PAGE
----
Yesterday when I was looking for images of Kenny Chesney on Bing Image search, I noticed that something looked a little different. For one, it seemed like my browser page was a lot fuller than I remembered it being when I searched for photoshop fodder on Bing. I also didn’t remember bigger previews of the images following my mouse cursor around as I poured over the pictures. Since I already looked through a ton of Kenny Chesney photos yesterday, I’m going to use a different subject for my example of the preview-tracking-mouse thing.
In my image search for Fletcher Hanks, you can see in these two examples how the preview image that gets magnified follows my cursor around as long as the cursor is still over the associated image.
There weren’t any noxious, hallucinogenic fumes – that I noticed, at least – seeping from my office walls yesterday that would have lifted these images up and caused them to move around before my very eyes. Further confirming that my brain and eyes were not being victimized by psychoactive drugs is a post from the Bing Image Search Blog today confirming that, yes, the search engine’s image search got a sweeping update for its user interface. And that trippy image movement I was talking about? Bing’s apparently calling that a “magnifying glass,” which is actually more descriptive than my “hallucinogenic preview” term.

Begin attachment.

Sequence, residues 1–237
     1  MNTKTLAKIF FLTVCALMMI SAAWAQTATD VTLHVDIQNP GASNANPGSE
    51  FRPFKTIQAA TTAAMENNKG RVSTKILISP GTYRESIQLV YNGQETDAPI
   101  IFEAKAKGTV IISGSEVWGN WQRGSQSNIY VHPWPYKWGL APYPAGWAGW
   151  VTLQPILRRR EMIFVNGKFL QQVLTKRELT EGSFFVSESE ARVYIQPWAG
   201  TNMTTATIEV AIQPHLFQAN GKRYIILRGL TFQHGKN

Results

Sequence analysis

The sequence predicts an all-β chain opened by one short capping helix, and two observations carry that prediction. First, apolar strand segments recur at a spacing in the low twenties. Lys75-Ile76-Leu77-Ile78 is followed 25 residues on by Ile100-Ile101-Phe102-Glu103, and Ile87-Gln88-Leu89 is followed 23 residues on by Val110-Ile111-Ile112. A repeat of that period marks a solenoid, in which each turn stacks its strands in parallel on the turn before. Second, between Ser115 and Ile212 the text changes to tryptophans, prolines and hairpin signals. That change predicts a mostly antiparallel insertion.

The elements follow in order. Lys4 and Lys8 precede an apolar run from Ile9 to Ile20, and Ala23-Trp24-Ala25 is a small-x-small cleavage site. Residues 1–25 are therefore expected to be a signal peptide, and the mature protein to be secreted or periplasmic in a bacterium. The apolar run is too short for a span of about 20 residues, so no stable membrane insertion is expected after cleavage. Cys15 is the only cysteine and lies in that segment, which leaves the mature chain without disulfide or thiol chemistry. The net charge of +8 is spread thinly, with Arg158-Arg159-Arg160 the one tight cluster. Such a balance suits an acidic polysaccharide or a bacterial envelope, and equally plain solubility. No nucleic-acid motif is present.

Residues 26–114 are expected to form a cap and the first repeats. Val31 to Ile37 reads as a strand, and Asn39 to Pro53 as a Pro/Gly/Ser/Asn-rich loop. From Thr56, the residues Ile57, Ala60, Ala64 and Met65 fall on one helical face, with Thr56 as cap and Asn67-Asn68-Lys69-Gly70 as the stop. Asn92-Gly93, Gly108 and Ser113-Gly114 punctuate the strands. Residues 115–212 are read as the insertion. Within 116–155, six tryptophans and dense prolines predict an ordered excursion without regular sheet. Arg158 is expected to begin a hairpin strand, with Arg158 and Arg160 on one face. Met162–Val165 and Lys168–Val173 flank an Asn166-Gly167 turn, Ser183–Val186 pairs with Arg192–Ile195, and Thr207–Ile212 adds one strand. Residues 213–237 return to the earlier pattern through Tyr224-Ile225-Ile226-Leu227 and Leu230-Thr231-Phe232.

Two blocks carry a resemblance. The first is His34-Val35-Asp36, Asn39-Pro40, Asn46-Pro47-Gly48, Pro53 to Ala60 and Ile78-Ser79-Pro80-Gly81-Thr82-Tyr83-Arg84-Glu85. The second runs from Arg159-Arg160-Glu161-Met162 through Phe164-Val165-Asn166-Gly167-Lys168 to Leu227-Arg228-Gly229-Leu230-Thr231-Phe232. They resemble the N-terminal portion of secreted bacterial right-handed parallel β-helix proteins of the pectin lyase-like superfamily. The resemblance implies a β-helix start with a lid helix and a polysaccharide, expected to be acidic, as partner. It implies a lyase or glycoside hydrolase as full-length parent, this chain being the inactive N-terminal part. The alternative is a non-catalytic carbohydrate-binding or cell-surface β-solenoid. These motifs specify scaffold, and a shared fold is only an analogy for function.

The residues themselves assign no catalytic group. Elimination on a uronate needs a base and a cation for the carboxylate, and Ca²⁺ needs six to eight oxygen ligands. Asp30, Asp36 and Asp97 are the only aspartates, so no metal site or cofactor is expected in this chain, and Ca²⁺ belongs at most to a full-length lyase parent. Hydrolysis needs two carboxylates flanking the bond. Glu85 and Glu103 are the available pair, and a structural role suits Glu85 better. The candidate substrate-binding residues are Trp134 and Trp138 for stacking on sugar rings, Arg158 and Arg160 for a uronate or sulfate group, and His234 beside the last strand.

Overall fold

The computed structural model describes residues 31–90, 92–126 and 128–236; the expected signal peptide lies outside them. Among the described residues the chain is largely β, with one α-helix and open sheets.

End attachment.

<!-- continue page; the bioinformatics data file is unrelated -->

If you haven’t tried out the new Bing Search yet, perhaps the most obvious change you will notice is that the thumbnails themselves are much bigger while reducing the whitespace between the images significantly. The page of search results now resembles a photographer’s contact sheet rather than a photo album page of spaced out pockets for pictures.
In addition to the aesthetic candy, there are several new tools to help modify your search in order to find the precise image you’re looking for:
Easier access to the filter bar.
There’s now a column to the right of the search results that displays two different features that might help you narrow down your image search. At the top of the column you’ll see Related Topics, which lists more specified suggestions of your original search term. Beneath that, you’ll see Trending Image Searches in case you’re curious about what’s catching the public’s eye at the moment.
In all, Bing Image’s overhaul is spectacular in both design and usability. If you need to search for something different or modify your current search, you literally don’t have to go anywhere other than to the screen that is right in front of you at any given time. No clicking back. No more scrolling back up to the top of the page to make some changes. The control panel stays right with you during your search.
After this big update, there’s only one question remaining now: how long it will take before Google apes this awesome design?